Hasidic Development Plans Spark Bitter Feud in Upstate N.Y. Town

Is Anti-Semitism a Factor in Fight Over Bloomingburg?

Unwelcome: Developer Shalom Lamm says he faces anti-Semitism.
Martyna Starosta
Unwelcome: Developer Shalom Lamm says he faces anti-Semitism.

By Josh Nathan-Kazis and Michael Kaplan

Published February 24, 2014, issue of February 28, 2014.
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One night in January, an Orthodox Jewish real estate developer brought a handgun to a planning board meeting in a small upstate New York town.

The gun was on the waist of one of the two uniformed security guards accompanying Shalom Lamm, who may be the most hated man in the town of Mamakating. The guard’s hat said “Security” on it, and his weapon was in full view.

Over the past decade, Lamm’s firm has bought up a lot of land in Mamakating. It owns an airport, a mountaintop tract slated for luxury homes and, most controversially, a development in the tiny village of Bloomingburg, within Mamakating, that could soon be home to thousands of Hasidic Jews.

The fight over the Bloomingburg development has ballooned into a massive brawl over jobs, Jews and the rural identity of Sullivan County, where the town is located. Voices have been raised. Lawsuits have been filed. Nasty words have been swapped. But until that night in January, no one had brought a gun to a planning board meeting.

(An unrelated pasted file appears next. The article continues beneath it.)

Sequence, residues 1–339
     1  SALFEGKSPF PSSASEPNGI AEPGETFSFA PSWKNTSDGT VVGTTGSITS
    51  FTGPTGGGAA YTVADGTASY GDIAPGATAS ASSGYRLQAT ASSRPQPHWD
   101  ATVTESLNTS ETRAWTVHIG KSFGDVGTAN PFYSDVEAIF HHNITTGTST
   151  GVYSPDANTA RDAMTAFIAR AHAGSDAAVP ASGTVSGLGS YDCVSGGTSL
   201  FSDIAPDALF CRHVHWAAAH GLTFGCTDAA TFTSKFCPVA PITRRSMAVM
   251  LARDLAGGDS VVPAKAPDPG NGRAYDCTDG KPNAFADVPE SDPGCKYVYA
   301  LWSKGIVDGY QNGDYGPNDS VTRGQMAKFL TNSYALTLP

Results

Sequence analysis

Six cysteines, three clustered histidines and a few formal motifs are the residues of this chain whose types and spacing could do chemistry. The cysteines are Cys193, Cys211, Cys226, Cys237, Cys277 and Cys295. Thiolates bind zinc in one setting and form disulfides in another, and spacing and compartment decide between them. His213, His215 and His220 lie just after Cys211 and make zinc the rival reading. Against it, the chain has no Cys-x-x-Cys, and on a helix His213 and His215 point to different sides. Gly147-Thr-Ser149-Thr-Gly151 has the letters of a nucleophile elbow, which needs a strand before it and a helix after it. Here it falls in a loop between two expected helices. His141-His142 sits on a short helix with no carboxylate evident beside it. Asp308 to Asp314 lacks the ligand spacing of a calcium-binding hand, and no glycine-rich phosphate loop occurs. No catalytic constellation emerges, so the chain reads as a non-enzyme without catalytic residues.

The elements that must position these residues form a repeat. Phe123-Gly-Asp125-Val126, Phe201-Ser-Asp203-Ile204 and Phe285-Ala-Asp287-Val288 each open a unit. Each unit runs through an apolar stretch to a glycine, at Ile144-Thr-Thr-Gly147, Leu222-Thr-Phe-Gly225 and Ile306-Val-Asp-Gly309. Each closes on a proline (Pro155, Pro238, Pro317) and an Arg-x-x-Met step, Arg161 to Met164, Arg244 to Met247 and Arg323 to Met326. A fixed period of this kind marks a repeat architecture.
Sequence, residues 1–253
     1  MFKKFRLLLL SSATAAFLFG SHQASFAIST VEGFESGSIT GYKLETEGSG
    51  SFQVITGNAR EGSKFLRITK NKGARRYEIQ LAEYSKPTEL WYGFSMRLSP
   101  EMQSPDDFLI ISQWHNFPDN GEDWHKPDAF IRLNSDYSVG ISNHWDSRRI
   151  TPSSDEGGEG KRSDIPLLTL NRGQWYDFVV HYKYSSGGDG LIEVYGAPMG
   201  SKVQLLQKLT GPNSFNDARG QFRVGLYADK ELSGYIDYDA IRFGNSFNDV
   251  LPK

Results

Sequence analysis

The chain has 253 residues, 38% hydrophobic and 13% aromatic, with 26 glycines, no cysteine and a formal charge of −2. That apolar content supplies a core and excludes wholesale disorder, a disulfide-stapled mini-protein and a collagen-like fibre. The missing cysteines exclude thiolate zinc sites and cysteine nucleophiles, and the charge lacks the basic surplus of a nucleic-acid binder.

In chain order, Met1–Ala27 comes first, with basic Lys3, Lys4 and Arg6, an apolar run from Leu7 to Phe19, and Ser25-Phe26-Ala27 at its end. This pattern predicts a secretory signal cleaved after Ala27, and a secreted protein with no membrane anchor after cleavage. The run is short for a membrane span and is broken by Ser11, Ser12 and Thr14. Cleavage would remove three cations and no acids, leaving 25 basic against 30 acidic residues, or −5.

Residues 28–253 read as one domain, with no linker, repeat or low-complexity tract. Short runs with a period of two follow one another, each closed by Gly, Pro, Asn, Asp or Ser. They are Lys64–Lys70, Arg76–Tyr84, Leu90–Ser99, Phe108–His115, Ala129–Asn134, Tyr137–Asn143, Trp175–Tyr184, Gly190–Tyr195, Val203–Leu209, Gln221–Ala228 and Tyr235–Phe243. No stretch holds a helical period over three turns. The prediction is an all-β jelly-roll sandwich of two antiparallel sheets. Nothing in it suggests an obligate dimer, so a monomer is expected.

“Never in a million years did I think he would bring an armed guard in with him,” said Bill Herrmann, the Mamakating town supervisor. “That’s like inciting a riot.”

Lamm is a middle-aged man with a black yarmulke and a quick, gap-toothed grin. He never wears a coat, even in the depths of the Catskills winter. His father, former Yeshiva University president Norman Lamm, is one of the most respected figures in Modern Orthodoxy. This winter, Shalom Lamm has a crew of 175 people building 396 two-story homes in a field in Bloomingburg, one of two villages within Mamakating’s boundaries.

The Satmar Hasidic community in Williamsburg, Brooklyn has taken an interest in the Bloomingburg development, which seems tailored specifically to their needs. The townhouses officially have three bedrooms, but an upstairs “office” and “exercise room” could easily be converted into extra bedrooms, bringing the total to five — perfect for large Hasidic families.

Today, Bloomingburg has a single stoplight and 400 residents. Lamm has bought up much of the village: The three buildings down a cul-de-sac off Main Street belong to his firm, as does the empty hardware store, the closed cupcake cafe, and single-family homes up and down the block. In the window of Happy Dragon City, the Chinese restaurant at the town’s lone intersection, there’s a hand-written sign: “Yes, we own the building. No, we don’t plan to sell it. We’ll be staying in this town for a LONG time.”

Teek Persaud, who owns a diner near the village and a house up on the ridge, is worried about what will happen when Lamm finishes building out the 396 homes in 82 separate buildings on the snowy field on Winterton Road. In the paddock in front of Persaud’s house, a speckled boarder horse stands knee-deep in the snow. “The new development will totally change the way of life as we know life in Bloomingburg,” Persaud said. “I love driving up Winterton Road, you know, the farms, the farmhouses, the fields getting cut in the summertime. That will not be there anymore.”


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